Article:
Two age cohorts of male and female students (n = 311) were investigated concerning their perceptions of the HIV-related risks of various sex-related practices (unprotected vaginal, oral, and anal sex, and mutual masturbation and kissing). Participants judged the risk of these activities for either a male or a female acquiring either a new male sexual partner or a new female one. The greater risks of unprotected sex compared to other practices and the enhanced risks of these practices within gay (male-male) pairings were recognized. However low-risk activities (e.g., kissing and masturbation) were still judged riskier for gay partners than were the same practices within other sexual relationships. Sexual practices in lesbian relationships were estimated to be no less risky than those in heterosexual ones. The older cohort seemed better able than the younger to distinguish risky practices for gay male pairings, although these older participants also tended more to extend these risks to lesbian partners. Male participants more often than female ones overestimated the risks of anal penetration for heterosexual males. In general the participants were aware of the risks of different sexual practices and partner combinations, although responses also revealed stereotypic and motivational biases.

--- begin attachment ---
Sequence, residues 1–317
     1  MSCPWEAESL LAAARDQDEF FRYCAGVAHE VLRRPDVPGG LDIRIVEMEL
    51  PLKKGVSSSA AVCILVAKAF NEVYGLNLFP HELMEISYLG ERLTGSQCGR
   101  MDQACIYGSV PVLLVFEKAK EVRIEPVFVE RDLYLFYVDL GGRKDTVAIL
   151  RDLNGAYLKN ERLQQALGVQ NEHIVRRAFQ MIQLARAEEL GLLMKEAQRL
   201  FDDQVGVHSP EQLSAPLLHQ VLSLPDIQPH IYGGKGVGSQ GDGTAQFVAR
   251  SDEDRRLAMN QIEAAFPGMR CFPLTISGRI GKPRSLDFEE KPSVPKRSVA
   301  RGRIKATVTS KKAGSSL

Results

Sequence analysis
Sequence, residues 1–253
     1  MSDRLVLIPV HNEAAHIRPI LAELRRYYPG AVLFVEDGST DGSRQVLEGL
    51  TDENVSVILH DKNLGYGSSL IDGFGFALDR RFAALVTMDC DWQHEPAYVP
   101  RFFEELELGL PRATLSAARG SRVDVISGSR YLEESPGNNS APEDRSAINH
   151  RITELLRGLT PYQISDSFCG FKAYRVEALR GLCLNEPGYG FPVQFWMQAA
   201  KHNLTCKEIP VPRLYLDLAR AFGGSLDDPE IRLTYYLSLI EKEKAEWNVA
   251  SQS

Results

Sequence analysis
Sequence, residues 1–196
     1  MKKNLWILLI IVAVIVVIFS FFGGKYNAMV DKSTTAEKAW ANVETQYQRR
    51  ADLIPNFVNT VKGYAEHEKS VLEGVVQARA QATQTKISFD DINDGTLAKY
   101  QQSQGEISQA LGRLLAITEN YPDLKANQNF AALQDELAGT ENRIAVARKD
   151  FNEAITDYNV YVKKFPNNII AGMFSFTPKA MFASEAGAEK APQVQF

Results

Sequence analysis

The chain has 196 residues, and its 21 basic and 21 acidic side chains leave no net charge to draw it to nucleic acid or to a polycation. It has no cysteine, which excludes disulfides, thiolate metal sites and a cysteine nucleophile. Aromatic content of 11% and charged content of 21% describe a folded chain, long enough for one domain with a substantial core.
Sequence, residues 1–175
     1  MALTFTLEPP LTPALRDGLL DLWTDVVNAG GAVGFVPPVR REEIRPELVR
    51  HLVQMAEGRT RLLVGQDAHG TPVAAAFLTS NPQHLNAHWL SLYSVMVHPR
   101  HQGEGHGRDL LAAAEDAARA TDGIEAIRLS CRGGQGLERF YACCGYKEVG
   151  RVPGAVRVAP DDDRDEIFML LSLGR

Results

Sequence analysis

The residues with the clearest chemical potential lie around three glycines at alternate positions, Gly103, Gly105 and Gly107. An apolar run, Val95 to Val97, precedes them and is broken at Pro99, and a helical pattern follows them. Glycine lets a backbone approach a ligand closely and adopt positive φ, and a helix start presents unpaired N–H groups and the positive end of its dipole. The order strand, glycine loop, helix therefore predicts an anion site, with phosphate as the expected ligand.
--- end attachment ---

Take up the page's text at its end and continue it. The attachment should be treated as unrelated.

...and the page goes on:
|Number of pages||9|
|Journal||Journal of College Student Development|
|Publication status||Published - 1995|